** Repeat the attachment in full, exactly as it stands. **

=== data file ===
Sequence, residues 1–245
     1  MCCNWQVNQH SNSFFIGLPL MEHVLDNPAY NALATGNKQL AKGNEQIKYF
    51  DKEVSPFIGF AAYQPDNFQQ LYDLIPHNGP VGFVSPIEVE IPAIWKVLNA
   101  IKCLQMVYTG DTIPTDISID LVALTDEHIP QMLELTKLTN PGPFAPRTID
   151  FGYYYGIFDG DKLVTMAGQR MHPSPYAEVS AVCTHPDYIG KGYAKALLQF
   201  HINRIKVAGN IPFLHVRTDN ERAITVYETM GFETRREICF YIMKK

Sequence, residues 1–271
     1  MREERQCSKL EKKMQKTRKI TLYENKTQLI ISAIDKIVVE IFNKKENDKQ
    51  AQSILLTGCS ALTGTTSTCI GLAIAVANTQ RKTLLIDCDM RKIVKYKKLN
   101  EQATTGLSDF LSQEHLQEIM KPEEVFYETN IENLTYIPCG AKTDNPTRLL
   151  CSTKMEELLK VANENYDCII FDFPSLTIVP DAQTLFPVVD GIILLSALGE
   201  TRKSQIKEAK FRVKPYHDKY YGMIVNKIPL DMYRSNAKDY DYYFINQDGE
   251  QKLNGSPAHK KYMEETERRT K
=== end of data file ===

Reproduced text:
Sequence, residues 1–245
     1  MCCNWQVNQH SNSFFIGLPL MEHVLDNPAY NALATGNKQL AKGNEQIKYF
    51  DKEVSPFIGF AAYQPDNFQQ LYDLIPHNGP VGFVSPIEVE IPAIWKVLNA
   101  IKCLQMVYTG DTIPTDISID LVALTDEHIP QMLELTKLTN PGPFAPRTID
   151  FGYYYGIFDG DKLVTMAGQR MHPSPYAEVS AVCTHPDYIG KGYAKALLQF
   201  HINRIKVAGN IPFLHVRTDN ERAITVYETM GFETRREICF YIMKK

Sequence, residues 1–271
     1  MREERQCSKL EKKMQKTRKI TLYENKTQLI ISAIDKIVVE IFNKKENDKQ
    51  AQSILLTGCS ALTGTTSTCI GLAIAVANTQ RKTLLIDCDM RKIVKYKKLN
   101  EQATTGLSDF LSQEHLQEIM KPEEVFYETN IENLTYIPCG AKTDNPTRLL
   151  CSTKMEELLK VANENYDCII FDFPSLTIVP DAQTLFPVVD GIILLSALGE
   201  TRKSQIKEAK FRVKPYHDKY YGMIVNKIPL DMYRSNAKDY DYYFINQDGE
   251  QKLNGSPAHK KYMEETERRT K